How do people use a mobile phone today? Turns out, the question is rather complex.
By Jon Peddie
In trying to benchmark a mobile phone, Jon Peddie Research (JPR) recently looked at how a mobile phone is used. It became quickly apparent that game playing wasn’t the only, or even the most important, thing a mobile phone was used for. Yet most of the benchmarks we found (and we found over 65) offered a polygons per second test. The modern smartphone is capable of considerably more than drawing polygons, and the uses the phone will be put to vary from person to person.
It makes sense to first look at what smartphones can do today even before we talk about what they are being used for.
Key smartphone components
Today’s modern smartphone has evolved to embrace a large variety of features and functions, as well as an amazing number of components. It’s safe to say the mobile device revolution began when multimedia elements first appeared in the mobile phone beginning with an FM tuner, camera, and stereophonic sound. From those early, somewhat exploratory steps, consumers and application developers have responded, enabling the growth of the functions and capabilities we have today.
The uses enabled by the features and the environment for free development is encouraged by the evolution of app stores and is fostering a rapid evolutionary development for both the platforms and the applications.
Key user experiences
The mobile phone is used for so many things that it becomes a challenge to list them all. A few uses include augmented reality, photography, pictures and video, gaming, GPS/navigation, mobile banking, near field communication (NFC), stereovision, music, eReaders, and more. And of course, some people use them as telephones.
The mobile has become so ubiquitous and so powerful that it’s almost impossible to catalog all of its uses and applications. Email and text are among the most common ways that people use a mobile phone besides phone calls, and various surveys have been conducted to find out what users do with the devices. No conclusive results could be found; the surveys gave different results depending on who did the survey and, most of all, who the surveyors could get to take the survey. For example, the respected Pew Internet research center found that 76% of those surveyed used their phone to take pictures and 34% used them to play games. Well-known surveyor Nielsen found that 61% of users played games, and picture taking wasn’t even mentioned. Overall what is interesting in looking at the surveys is the list of activities considered.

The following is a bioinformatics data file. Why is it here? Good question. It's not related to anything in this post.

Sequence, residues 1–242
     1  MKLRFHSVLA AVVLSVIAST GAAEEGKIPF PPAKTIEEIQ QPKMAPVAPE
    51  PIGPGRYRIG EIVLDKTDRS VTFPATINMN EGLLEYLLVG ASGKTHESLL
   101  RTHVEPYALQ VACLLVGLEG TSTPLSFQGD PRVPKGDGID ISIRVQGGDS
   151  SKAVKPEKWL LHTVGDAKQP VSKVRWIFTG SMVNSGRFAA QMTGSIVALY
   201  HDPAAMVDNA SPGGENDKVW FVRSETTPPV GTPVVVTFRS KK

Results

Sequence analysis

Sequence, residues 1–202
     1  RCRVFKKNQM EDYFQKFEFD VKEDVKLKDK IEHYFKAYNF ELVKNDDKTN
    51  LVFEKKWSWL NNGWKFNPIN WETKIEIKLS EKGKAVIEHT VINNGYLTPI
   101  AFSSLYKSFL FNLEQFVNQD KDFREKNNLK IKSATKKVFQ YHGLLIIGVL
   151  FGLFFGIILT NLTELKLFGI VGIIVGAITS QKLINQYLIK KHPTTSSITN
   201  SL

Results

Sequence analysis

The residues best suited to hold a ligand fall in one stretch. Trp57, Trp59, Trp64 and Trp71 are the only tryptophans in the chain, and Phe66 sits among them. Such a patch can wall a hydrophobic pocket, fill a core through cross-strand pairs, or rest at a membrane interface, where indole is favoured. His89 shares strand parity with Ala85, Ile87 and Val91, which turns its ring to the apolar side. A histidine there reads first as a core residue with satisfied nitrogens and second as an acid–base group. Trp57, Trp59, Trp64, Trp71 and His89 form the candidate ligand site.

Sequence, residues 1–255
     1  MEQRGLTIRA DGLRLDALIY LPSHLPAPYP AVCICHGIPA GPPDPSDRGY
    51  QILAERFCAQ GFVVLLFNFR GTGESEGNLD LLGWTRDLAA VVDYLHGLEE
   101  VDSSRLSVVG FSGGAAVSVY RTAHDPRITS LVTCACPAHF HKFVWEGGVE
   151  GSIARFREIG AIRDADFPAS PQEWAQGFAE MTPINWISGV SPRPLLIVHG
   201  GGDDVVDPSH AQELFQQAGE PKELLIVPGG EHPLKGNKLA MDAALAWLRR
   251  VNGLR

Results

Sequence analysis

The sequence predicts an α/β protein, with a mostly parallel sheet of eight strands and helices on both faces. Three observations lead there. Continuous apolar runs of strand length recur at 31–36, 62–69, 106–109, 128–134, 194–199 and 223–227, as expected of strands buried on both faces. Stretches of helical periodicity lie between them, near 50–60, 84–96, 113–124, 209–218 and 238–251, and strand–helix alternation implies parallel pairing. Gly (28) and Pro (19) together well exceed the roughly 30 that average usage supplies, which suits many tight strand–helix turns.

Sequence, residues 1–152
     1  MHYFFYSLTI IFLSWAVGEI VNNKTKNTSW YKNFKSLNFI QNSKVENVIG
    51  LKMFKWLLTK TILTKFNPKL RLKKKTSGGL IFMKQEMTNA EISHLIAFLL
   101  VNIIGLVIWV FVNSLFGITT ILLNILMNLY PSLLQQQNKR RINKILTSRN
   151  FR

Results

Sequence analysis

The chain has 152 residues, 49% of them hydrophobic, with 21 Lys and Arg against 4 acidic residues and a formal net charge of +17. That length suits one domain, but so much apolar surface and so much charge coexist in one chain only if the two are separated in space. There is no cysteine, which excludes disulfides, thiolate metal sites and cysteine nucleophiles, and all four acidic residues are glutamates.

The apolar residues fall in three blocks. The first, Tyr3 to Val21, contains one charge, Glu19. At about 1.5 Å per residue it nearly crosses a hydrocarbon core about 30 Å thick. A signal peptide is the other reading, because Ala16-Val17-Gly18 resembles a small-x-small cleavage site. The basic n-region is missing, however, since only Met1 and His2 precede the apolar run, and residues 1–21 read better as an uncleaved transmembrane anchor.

Actually, for all of the emphasis on gaming and polygon count, the most common use for smartphones is surfing the web and reading emails—pretty much what most people do with their computers. Social media runs a very close third. Several studies, as well as common sense, can be found to back up this contention. But, people do play games and especially free games. Nielsen has studies that report that games are the most popular applications in app stores.
How do you test it?
Given that people use their phones in different ways, how do you compare performance? There are almost as many benchmarks for a smartphone as there are functions. It is only recently that the smartphone has had an open and accessible operating system, so benchmark and testing programs in the public domain have been limited.
Testing a smartphone is easy to prescribe, difficult to implement. Test for everything? That’s not practical. The system-on-a-chip (SoC) suppliers have their own tests to back up their performance claims. In addition, those SoC companies who also supply the radios and modems have to test for even more situations, plus submit the reference designs to various government agencies throughout the world that regulate the spectrum. But users—and websites—aren’t going to invest that kind of time in testing.
We propose an industry-wide agreement on a suite of tests for five or six of the most common usage scenarios. For example, we need a test that shows how fast a device can receive a full-resolution picture and how many times it can do it before the battery is depleted or the memory is full. A test that reports on the device’s ability to download a full-length HD movie, store it, and then play it at HD on the device’s screen and an HDTV. A test that reports on the performance of the device running a full-resolution game with all graphics functions at maximum—and for how long the device can run that test. Other usage scenarios would include transcoding, audio recording, and accuracy of the GPS, accelerometer, and gyro are also needed. We need a robust suite of tests that can be applied to various user modalities.
Given the complexity of smartphones and the proliferation of benchmarks, we have to acknowledge we don’t have an ideal world, nor do we have a complete solution, and yet we have to move on. Therefore, at JPR we have selected a few benchmarks to use in a collective manner to try to arrive at a reasonable evaluation of the smartphone for a generalized use case.
To find out more, download the new Jon Peddie Research report, “The Mobile Experience” here: http://jonpeddie.com/publications/whitepapers/the-mobile-experience-whitepaper.
Jon Peddie is President of Jon Peddie Research, publisher of GraphicSpeak and the JPR TechWatch newsletter.